Population growth and the use of resources for construction will increasingly be crucial issues for
the building industry. The forecasts presented by Architecture 2030 are clear, and in order to meet the demand for housing and sustainable buildings we will need to build an incredible amount of square meters. In 2060 we will build more than twice what is currently existing on Earth.
If we want to discover answers to this emergency, the questions are: where will we find the resources to build new housing and where we will find the energy to maintain it? The EU is responding to these questions with a road map of precise objectives for the reduction of CO2 emissions and the construction of almost zero energy buildings.
These objectives require a change of paradigms for design and construction. Before imagining a technological future for buildings, we should look to the past where for millennia we have constructed buildings using the available resources to the maximum.
This look back, which is anything but nostalgic, can offer us some extraordinary surprises. However, first it is necessary to clarify that in the last decades—if not the last two centuries—we have lost the ability to dialogue with the climate, convinced that technology was a natural part of human evolution and the solution to our problems.
The internationalization of construction processes—indifferent to places, cultures and landscapes—has created a diffusion of inadequate models for local climates and environmental conditions, to the extent that buildings have become a planetary energy problem rather than an opportunity to transform the situation. The consequences of this indifference to diverse needs has been a vulgarization of building models, which has led to a flattening of the urban landscape along with the creation of a problem of consumption often irreconcilable with micro-economies and an increase in pollution levels incompatible with people’s lives.
In order to get back to the basics of designing a sustainable building that responds to climate, site and the use of local materials—what we would call a truly sustainable building—we need to expand on the idea that architecture is not just an aesthetic activity, rather it’s much more an integrated design process developed across various disciplines.
There are two main pillars of the definition of sustainability. One is related to performance, although a building is not only a technical object. The other part of sustainability is understanding how to properly design a building for a specific context based on “creative empathy.” It is the same way you create a human relationship; being empathetic means trying to understand others.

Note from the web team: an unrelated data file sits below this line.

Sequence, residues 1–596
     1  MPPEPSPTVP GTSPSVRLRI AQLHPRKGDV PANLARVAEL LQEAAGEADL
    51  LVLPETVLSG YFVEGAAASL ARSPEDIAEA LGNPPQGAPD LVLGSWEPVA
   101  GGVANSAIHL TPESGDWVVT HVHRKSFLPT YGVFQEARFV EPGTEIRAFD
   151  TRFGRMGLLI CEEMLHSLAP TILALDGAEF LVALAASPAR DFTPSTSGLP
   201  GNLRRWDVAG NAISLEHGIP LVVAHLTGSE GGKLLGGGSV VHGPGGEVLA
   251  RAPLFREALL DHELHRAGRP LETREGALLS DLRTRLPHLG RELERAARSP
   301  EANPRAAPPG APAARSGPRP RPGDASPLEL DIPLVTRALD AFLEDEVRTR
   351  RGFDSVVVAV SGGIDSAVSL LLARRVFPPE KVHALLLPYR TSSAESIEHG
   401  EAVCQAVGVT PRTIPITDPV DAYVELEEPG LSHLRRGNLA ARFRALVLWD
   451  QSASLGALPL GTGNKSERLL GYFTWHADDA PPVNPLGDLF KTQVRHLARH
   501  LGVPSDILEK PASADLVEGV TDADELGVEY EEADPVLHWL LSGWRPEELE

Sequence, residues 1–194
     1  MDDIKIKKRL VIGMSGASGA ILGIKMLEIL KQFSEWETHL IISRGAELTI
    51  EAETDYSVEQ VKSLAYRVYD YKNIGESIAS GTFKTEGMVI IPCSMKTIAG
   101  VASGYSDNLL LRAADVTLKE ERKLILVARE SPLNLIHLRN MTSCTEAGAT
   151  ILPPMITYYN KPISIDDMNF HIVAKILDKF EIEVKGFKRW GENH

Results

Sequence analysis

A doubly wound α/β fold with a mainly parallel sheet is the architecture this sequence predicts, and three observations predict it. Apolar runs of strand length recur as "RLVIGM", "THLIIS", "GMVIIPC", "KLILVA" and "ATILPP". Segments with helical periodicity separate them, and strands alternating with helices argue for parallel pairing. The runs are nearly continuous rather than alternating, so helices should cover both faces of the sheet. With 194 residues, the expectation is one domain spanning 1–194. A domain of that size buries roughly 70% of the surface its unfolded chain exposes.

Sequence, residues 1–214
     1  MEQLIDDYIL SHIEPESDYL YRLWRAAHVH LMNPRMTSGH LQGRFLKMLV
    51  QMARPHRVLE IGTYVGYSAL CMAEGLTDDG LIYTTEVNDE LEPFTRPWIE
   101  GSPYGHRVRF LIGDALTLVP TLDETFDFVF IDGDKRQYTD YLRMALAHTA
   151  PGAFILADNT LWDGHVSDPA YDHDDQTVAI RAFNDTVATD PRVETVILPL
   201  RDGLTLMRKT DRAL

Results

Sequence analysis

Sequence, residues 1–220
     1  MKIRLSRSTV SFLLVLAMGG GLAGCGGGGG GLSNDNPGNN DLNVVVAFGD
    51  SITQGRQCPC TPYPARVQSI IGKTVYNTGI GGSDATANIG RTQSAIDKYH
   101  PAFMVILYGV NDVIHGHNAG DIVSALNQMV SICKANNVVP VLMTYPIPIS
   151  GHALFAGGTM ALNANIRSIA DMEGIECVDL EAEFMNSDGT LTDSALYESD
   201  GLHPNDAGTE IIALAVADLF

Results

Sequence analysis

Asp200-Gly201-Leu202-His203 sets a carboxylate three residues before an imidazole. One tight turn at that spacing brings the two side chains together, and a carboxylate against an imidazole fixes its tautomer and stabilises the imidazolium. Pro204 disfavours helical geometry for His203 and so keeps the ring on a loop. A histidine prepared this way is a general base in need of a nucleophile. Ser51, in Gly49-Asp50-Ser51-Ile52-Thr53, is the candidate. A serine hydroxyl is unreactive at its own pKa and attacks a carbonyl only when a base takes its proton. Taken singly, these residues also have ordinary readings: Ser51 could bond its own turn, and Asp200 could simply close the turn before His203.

Architects need to think about how they can solve local problems, not global issues, which is the most interesting aspect of architecture: how a building’s design can be adapted to a specific culture. This is an empathic action because sustainable design can offer technical solutions, but in the end, you need an acquired level of learning to make this interpretation. This is why education is essential in order to inspire future generations regarding these concerns. The new generation of designers will need to understand the problems of today—such as the consequences related to CO2 and energy consumption—and what the next step will be for buildings.
In the future, the problems will be infinitely more difficult. Of course, young professionals must have technical tools but they will also need the ability to go beyond today’s limits and imagine beyond consolidated schemes. Only this attitude can cause a change and open unexpected views. I think that schools should help young people to reflect on the unpredictability of the future that sometimes cannot be seen, but which can be glimpsed through knowledge, creativity, intuition, and talent. Young people are aware that they are the key players in this future and look to the schools for the tools to deal with it with confidence and courage.
MAIN IMAGE: Regional Agency for Environment and Energy (ARPAE), a new complex for offices and research laboratories that meets maximum levels of environmental sustainability, Ferrara, Italy, Mario Cucinella Architects. Photo © Moreno Maggi.